There is also no algorithm dictating what content you see and what you don't. Those elements have brought the platform a lot of love and trust, which halos to the brands and products that users follow. Placing a thoughtful ad that matches the overall Instagram aesthetic could lead to richer engagement than the same ad would garner on other social platforms. However, polluting users feeds with more ads and with links will potentially lead to backlash, which could sour brand perception and ad performance, at least in the short term.

The biggest shift will need to be the quality of the actual product photography. Successful Instagram photos really need to stand out, which means using eye-catching photos that often follow visual themes popular on the platform. I foresee a lot of Instagram influencers brought in to photograph products and brands so that they match the look and feel of popular content and play to visual trends.

The potential outcome for retail is similar to what we've seen happen to brand websites. Why travel to a dozen different retailers' sites when fans can subscribe to their Pinterest or Instagram handles and have the best items delivered to their feed daily? What I imagine we'll begin seeing is consumers using products posted onto Instagram and Pinterest as their gateway to retail sites, which will mean retailers will need to pay a lot of attention to the types of products that draw audiences to explore more.

Dave Krugman, BBDO creative department social editor

There are two economies on Instagram right now. There is the Influencer community- brand advocates who have built up a tremendous following on their own, who brands can tap to amplify their messages on the platform. And then there is paid media, which will now include action buttons, something that traditionally hasn't been offered.

The advantages offered by paid media have been reinforced by this addition. Beyond precise demographic targeting and analytics data, brands can now encourage their customers to engage with them directly from their paid media posts through action buttons.

I see the economy of Instagram slightly shifting...away from Influencer marketing and towards paid media. Brands want hard data, not just advocacy. But advocacy is still an essential component and should never be overlooked.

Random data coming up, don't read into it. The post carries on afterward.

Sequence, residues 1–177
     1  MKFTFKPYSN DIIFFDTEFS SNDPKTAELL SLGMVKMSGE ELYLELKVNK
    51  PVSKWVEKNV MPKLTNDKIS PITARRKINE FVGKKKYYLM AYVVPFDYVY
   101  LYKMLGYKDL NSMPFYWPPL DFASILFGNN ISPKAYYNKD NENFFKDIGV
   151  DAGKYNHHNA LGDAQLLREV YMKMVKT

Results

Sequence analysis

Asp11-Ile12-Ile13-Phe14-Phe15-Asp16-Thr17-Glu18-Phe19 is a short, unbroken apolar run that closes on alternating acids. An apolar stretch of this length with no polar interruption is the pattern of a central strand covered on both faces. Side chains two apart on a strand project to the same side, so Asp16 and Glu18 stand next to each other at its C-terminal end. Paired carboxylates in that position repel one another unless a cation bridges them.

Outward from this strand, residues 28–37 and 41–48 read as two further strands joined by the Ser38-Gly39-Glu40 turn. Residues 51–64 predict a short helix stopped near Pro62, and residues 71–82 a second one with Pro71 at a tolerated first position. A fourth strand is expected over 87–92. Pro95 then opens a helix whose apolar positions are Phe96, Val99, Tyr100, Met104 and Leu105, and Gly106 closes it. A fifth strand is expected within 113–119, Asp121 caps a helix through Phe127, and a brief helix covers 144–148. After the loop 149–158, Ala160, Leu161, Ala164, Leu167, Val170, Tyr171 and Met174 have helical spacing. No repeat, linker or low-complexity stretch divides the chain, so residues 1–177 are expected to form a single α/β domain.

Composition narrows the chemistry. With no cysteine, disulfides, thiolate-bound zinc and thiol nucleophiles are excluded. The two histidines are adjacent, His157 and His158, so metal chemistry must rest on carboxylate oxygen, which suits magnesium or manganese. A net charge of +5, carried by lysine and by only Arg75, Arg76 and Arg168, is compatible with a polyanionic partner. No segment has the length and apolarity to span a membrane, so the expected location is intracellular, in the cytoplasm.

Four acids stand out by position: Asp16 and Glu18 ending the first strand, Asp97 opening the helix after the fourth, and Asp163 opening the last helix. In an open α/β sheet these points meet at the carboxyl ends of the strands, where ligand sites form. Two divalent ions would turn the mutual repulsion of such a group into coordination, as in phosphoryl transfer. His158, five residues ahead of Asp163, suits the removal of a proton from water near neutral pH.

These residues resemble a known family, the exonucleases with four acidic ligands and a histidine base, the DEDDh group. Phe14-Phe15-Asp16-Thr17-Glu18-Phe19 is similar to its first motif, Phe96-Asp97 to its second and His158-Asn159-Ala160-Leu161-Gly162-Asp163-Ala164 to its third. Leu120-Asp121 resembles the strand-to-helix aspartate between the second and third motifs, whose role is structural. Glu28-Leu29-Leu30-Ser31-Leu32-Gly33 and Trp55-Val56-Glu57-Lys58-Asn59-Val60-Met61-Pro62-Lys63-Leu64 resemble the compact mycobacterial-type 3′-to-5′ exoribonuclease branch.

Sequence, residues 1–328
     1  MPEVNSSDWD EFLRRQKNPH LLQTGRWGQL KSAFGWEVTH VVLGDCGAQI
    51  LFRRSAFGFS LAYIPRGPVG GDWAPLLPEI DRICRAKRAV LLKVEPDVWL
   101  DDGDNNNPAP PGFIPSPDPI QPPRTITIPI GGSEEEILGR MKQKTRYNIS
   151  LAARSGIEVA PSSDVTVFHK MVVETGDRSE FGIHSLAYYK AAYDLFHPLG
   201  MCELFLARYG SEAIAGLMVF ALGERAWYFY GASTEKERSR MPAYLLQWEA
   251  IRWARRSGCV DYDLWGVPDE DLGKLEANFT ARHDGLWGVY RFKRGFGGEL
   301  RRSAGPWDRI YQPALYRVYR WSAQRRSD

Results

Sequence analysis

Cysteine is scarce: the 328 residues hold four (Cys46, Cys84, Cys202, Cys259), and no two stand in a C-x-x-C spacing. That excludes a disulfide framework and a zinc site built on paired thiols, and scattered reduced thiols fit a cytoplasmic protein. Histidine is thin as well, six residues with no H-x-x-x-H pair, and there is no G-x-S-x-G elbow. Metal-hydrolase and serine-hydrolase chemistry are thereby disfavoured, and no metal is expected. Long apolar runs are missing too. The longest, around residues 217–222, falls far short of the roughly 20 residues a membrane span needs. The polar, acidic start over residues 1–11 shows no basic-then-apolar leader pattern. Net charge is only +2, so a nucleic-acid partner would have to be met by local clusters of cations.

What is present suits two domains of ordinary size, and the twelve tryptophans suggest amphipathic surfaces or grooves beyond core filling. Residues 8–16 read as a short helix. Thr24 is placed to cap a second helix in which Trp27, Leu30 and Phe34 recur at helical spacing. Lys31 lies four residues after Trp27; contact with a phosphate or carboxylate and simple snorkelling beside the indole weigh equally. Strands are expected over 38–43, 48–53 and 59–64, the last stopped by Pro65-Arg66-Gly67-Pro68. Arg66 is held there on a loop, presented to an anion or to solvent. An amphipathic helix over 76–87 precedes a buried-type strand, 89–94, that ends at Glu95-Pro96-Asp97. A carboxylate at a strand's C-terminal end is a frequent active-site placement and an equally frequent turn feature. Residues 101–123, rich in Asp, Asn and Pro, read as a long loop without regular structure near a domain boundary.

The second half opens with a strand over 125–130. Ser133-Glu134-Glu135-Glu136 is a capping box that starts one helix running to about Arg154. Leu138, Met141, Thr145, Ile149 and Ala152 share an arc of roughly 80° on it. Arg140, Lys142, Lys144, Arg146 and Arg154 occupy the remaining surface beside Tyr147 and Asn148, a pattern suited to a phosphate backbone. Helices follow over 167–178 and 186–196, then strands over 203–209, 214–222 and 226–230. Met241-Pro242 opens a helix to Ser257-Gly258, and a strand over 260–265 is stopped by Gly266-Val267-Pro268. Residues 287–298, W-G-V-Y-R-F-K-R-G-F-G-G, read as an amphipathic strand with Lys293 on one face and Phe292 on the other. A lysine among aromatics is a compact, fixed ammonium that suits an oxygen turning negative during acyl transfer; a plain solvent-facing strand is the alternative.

Personally, I believe the most successful campaigns will have a two-pronged approach: paid media for massive reach, backed by analytics tools and action buttons, and influencer marketing for community credibility and authenticity to the platform and environment.

Ultimately these changes will fundamentally alter the experience of Instagram, for brands and consumers alike.

Apu Gupta, CEO of Curalate

Curalate has long believed that the point of purchase is moving to the point of interaction. Both Pinterest's and Instagram's decisions to make images shoppable through buy buttons is part of this larger megatrend that we believe will reshape retail and disaggregate commerce. And both of these platforms play into another megatrend that we believe in – that consumers' preferred unit of engagement is rapidly becoming pictures, not words.

That said, I think there are differences between how these platforms have chosen to approach shopping. On Pinterest, products will be buyable whether they were placed there by the brand or whether they arrived organically through consumers. Instagram, on the other hand, appears to be initially restricting this to paid campaigns.

Regardless of approach, we think it's great to see these moves taking place and it's very much in line with what we're empowering brands to do.